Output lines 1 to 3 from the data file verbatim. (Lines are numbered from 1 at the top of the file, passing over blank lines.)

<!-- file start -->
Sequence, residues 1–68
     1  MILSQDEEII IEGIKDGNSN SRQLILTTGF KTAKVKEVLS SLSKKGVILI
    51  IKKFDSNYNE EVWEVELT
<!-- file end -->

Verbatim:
Sequence, residues 1–68
     1  MILSQDEEII IEGIKDGNSN SRQLILTTGF KTAKVKEVLS SLSKKGVILI
    51  IKKFDSNYNE EVWEVELT